Foldable phone screens could use diamond glass, says Gorilla Glass rival

Bendable glass is the missing ingredient in today's foldable phones. But what if bendable screens were made from one of the hardest materials on Earth?

Miraj Diamond Glass shop
Miraj Diamond Glass shop

Foldable phones have nailed a lot of hardware and software achievements, but there’s one element that device-makers haven’t cracked: bendable glass.

By Jessica Dolcourt

Today’s foldable phones use a plastic material to cover the delicate, flexible electronic display. But what if these screens were coated in ultrahard diamond dust?

That might not be as crazy as it sounds. One company I spoke with last week at CES thinks it’s found a way to make ultralight super-hard glass for foldable devices using diamond glass.

Bendable glass is the holy grail of foldable phone design. So far, plastic screens have been more prone to damage from casual scrapes than hard glass. Without a protective material, the phone’s internal workings are susceptible to breaking from pressure, water, dust and sharp objects. 

Samsung bore the brunt of this reality when its Galaxy Fold Foldable Phone sustained several types of screen damage before the phone officially went on sale. 

With their high prices and untested designs, foldable phones are a tough sell as is. A strong cover material to protect against drops and scratches could help shift foldable phones from expensive curiosities to serious products that could one day replace your traditional shingle-shaped phone.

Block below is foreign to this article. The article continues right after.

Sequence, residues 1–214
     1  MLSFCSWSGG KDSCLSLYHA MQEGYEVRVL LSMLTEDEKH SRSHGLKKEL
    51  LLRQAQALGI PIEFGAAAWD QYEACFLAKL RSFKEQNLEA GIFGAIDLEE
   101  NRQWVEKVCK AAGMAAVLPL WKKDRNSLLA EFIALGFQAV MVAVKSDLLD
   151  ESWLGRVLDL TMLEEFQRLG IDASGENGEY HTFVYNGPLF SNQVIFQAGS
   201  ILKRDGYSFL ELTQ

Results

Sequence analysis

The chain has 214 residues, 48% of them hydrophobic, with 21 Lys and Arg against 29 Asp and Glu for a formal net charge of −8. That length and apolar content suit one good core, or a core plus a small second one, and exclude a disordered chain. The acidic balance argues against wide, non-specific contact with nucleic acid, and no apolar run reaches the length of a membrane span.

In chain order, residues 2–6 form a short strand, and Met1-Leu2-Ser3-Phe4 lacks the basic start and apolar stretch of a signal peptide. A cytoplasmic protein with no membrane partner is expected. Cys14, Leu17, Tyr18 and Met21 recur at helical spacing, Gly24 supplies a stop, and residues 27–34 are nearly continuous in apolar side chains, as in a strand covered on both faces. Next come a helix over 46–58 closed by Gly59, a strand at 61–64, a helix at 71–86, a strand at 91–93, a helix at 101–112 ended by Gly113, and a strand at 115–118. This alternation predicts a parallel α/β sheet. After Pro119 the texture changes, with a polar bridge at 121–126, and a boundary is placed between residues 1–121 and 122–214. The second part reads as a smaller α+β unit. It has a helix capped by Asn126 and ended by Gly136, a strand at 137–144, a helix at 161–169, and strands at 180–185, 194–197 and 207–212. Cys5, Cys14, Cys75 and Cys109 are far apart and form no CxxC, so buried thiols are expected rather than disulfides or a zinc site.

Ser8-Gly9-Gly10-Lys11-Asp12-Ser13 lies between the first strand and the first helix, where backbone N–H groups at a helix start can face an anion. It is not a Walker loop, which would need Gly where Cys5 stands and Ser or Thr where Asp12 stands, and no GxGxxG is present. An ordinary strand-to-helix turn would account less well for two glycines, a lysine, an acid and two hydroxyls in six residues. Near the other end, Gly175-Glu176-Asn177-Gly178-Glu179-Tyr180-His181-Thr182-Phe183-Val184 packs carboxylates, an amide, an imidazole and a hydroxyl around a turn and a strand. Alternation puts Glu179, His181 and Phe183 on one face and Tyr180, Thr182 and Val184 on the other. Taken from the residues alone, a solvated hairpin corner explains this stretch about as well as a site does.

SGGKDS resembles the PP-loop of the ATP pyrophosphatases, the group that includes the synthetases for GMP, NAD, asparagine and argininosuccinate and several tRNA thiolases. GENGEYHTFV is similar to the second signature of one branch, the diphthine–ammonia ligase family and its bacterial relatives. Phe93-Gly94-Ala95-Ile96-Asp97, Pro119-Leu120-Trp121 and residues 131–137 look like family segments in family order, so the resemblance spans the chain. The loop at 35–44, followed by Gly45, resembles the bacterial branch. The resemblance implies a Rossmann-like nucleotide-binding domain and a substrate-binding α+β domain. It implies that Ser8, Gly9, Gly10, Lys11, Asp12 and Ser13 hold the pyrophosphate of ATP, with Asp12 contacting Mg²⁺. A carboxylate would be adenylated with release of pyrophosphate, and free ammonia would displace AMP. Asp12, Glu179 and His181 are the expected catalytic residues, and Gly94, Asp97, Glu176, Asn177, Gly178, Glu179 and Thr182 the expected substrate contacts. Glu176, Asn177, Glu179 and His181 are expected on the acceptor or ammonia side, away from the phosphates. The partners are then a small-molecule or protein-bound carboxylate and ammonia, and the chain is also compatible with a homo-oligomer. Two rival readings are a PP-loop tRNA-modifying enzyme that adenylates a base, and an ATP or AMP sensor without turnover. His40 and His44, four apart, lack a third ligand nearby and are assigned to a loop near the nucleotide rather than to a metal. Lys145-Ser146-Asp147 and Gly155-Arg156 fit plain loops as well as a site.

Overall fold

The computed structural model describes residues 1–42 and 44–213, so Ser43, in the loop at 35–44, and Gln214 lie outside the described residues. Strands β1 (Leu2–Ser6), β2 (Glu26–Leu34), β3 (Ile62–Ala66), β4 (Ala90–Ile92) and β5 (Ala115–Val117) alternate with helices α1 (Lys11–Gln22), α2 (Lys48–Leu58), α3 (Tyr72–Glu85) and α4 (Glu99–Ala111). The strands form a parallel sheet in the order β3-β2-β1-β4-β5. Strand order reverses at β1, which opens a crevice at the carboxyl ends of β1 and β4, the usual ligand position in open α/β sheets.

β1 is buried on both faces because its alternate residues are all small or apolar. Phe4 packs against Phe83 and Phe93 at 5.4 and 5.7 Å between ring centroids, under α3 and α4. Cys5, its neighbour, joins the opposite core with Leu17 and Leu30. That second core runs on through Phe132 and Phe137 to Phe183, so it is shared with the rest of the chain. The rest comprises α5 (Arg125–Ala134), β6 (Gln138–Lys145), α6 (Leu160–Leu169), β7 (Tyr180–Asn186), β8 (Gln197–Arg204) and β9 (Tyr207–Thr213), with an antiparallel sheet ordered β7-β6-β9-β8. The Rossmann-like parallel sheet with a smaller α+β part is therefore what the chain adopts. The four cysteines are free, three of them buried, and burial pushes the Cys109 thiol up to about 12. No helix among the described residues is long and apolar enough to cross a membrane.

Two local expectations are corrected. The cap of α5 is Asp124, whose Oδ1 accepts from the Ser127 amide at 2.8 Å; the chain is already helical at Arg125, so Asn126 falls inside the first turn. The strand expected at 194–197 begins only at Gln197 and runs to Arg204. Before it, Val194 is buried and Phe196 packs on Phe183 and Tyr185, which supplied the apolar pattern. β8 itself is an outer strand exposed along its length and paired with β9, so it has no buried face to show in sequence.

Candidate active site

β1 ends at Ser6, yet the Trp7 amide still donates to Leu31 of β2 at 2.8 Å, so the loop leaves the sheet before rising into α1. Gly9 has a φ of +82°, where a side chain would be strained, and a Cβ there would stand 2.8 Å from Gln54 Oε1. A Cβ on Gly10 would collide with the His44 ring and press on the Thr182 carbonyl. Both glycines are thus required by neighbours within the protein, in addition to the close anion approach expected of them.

Gorilla Glass-maker Corning showed CNET glass that’s thin enough to fold without breaking, but it’s still in development and isn’t commercially available. If it were, we’d see a lot more foldable phones today. Without a ready supply of glass thin enough to fold in half and strong enough not to crack, splinter or break, device-makers have had to choose whether to wait for a new material or work with what they have.

Enter Miraj Diamond Glass, a material made from lab-manufactured nano-diamond materials. It’s sprayed onto a surface in a layer that measures just 100 nanometers, or 1/10,000 the thickness of a strand of hair. Diamond glass can coat either a plastic (polymer) sheet or a slip of untreated bendable glass. It’s hard, the company says, and will be completely foldable.

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By Jessica Dolcourt CNET